A look into what’s ahead in year two at FAU Football Stadium

Rolando Rosa

Just 12,044 fans showed up to witness the Owls only win of last season, a 38-35 victory over UAB at FAU Football Stadium on November 26. The first home game on Oct. 15 drew 29,103. Photo by Michelle Friswell.

Owls players say the grass is greener on the other side of the field for FAU football’s new stadium compared to its former one.

And less messy, too.

So even after a 20-0 shutout loss last October against Western Kentucky in the first ever game in the new digs, the disturbing image of the old home away from home still lingers for players. Center Andrew Czuprynski remembers Lockhart Stadium all too well.

“Lockhart was just down in the slumps,” Czuprynski said in embarrassment of the former stadium located 20 minutes from campus. “We got dressed in a tent, like a high school team. Sometimes we couldn’t even shower after the game and [the team] came back all sweaty.”

The field was a hazard. And to Czuprynski, there’s simply no comparing the two facilities.

“Oh yeah,” he said when asked if the new playing surface was any better. “Lockhart, full of dirt. You’d have sand all in your eyes, knee braces, everything. Here, we’ve got a nice field, good grass, our logos look nice on it.”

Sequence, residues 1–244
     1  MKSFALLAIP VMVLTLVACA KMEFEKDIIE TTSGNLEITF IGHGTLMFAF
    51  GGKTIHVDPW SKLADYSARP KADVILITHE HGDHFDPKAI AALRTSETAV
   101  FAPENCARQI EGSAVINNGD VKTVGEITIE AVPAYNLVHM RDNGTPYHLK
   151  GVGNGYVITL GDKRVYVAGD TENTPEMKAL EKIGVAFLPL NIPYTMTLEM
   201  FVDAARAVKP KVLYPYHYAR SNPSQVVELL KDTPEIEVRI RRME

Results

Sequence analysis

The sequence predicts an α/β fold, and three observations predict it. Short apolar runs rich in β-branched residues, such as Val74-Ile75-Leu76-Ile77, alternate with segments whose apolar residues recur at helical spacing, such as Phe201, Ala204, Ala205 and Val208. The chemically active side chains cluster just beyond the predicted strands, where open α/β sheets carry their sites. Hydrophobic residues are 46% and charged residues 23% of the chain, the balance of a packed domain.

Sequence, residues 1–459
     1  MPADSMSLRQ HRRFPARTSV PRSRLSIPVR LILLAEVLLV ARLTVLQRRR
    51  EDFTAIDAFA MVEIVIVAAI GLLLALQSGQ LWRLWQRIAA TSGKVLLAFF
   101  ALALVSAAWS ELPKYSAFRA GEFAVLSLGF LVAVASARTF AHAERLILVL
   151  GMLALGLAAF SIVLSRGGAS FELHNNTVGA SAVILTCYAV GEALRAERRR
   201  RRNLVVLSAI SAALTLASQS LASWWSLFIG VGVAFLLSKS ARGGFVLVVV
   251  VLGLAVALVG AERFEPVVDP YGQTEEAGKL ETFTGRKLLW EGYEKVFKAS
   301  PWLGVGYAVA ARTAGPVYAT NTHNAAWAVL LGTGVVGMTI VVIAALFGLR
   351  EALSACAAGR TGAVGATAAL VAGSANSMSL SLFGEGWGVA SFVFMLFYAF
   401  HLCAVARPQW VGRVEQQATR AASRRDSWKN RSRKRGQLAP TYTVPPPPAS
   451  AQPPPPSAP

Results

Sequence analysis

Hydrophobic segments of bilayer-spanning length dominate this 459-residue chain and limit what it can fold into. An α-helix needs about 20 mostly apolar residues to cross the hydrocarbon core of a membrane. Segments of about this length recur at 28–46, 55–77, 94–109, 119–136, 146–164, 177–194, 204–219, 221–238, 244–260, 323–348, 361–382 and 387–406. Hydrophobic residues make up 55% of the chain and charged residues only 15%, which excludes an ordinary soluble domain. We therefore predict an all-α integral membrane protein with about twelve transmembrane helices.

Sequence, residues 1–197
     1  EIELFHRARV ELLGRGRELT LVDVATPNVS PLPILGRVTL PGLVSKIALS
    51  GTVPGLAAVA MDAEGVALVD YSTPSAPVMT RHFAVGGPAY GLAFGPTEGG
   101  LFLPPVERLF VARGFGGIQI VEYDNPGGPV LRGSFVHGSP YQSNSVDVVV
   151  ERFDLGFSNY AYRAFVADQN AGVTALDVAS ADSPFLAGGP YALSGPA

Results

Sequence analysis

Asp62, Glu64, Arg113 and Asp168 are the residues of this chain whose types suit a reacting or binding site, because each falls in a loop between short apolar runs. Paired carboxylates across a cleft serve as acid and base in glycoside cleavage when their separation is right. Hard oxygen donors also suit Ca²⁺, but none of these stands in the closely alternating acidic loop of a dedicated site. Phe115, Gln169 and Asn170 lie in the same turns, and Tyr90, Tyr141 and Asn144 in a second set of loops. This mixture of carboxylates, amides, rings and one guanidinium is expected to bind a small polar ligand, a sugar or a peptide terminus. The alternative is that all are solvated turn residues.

Senior David Hinds says that last year at a Sun Belt meeting, players from every team were asked to rank the stadiums from best to worst. Lockhart was so bad that opposing players forgot FAU even had a new stadium still voted it in last place.

“It’s just been something that we’ve always wanted,” Hinds said of the FAU’s new home. “All the guys from the other teams in the conference chose our old facility as the worst. I can’t even say how bad it was. We didn’t like Lockhart at all.”

The new stadium means new traditions are being formed in Boca.

“Our little Owl (statue), we touch the hand every time we cross the street and we walk through the breezeway,” Hinds said. “It feels like a real college experience to have all the fans walking through the breezeway, walk across as the band is playing and you enter the stadium, it’s amazing, man. It’s a great feeling.”


Year one of FAU Football Stadium was deemed a success by the athletics department based on the unique circumstances of opening it during the semester.